Wednesday, 20 April 2016

CD Reviews (The Straits Times, April 2016)

Sony Classical 88875064162 / ****1/2

The venerated American pianist Leon Fleisher, once afflicted with focal dystonia of the right hand, has returned to play piano repertoire for both hands. This album sees him joined by his wife and former-student Katherine Jacobson in a lovely programme for piano duet. Johannes Brahms' Liebeslieder Walzer (Love Song Waltzes), heard here without the voices, is a more extended and mellower follow-up to his Waltzes Op.39.

The Fleishers play with great sensitivity and sympathy for the idiom, and this gemütlich (carefree and relaxed like only the Viennese know how) feeling continues into Franz Schubert's masterpiece Fantasy in F minor, which rises to dramatic height from its initial lilting indolence.

The concert closes with Lucien Garban's transcription for piano duet of Maurice Ravel's La Valse. Confined to a single keyboard, its range seems unusually constricted for most part, but the duo generates a voluminous sound and much excitement towards its climactic end. The encore is a 4-hand arrangement of living American composer William Bolcom's most famous short piece, The Graceful Ghost Rag, rendered with rare finesse and nostalgia.

Carnegie Concerts CC017 / ****1/2

Here is an excellently-programme recital of piano music inspired by Western composers' fascination with the Orient. Its generous 77 minutes of exotica may be subdivided into three parts. First is traditional musical picture-postcard views represented by Debussy's Estampes (Pagodas evoke the sound of gamelans), Godowsky's Gardens Of Buitenzorg (after the famous botanic gardens in Bogor) and Ravel's Jeux D'Eau with its cascades of pentatonics.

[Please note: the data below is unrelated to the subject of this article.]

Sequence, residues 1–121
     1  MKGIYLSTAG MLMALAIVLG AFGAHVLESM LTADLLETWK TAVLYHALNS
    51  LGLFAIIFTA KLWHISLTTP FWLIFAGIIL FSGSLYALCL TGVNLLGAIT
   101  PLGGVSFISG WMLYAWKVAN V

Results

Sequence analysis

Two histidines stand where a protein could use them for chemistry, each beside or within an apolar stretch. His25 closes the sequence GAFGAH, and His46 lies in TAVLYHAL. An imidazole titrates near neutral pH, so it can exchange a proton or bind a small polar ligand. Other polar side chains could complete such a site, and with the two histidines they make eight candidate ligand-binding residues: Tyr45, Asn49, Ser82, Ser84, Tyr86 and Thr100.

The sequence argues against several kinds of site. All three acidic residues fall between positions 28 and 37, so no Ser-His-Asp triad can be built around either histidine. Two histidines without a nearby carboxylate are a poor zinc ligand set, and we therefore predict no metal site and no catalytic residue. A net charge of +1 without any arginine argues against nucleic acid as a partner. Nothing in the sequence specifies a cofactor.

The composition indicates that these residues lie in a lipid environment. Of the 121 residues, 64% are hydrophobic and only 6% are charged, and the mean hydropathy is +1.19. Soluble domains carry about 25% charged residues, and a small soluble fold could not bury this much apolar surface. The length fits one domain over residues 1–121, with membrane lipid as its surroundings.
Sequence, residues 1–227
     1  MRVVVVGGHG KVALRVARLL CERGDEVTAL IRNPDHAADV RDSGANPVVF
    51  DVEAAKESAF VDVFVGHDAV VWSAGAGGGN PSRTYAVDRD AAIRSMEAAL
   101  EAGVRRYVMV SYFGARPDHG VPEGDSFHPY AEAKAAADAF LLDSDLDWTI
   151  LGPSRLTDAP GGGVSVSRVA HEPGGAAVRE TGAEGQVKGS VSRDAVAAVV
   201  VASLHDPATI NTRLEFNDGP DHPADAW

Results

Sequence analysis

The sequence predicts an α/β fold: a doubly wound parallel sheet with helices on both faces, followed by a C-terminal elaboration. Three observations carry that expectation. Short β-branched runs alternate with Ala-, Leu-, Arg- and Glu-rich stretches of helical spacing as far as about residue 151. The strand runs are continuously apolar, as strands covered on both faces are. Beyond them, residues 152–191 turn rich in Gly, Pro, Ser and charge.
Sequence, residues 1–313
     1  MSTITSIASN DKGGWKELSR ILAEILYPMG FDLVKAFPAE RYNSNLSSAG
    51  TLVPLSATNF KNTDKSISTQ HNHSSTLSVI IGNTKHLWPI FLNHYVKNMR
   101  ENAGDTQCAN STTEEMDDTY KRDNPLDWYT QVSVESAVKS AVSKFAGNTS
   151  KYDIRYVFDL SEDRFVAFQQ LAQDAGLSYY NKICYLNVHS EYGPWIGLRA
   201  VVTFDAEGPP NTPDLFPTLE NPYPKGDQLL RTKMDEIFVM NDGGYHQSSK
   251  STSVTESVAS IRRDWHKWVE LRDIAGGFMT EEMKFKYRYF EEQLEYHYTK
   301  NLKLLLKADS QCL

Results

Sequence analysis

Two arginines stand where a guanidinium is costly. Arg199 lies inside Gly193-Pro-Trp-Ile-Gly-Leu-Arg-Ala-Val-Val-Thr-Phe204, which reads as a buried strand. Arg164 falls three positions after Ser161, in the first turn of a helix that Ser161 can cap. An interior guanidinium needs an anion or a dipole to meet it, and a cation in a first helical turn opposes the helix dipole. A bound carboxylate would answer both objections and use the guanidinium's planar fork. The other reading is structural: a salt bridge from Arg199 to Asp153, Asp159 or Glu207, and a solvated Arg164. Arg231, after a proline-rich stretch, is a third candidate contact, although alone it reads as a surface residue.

The substantial central section delves deeper with Szymanowski's Sheherazade (from Masques), Messiaen's ferociously complex Canteyodjaya (which in Sanskrit translates into “song of joy”), Australian Peter Sculthorpe's Harbour Dreaming and Indonesian Krisna Setiawan's AgMaTa 1, which relives techniques used in gamelan music and the kecak dance.

The final and lightest third part approximates kitsch, closing with Abram Chasins' Three Chinese Pieces (the best known is Rush Hour In Hong Kong) and Percy Grainger's Beautiful Fresh Flower, a transcription of Molihua. Australia-born British pianist Geoffrey Saba has the requisite technique, sense of colour and shade to do his selections justice, and this is accompanied by well researched programme notes and historical illustrations.

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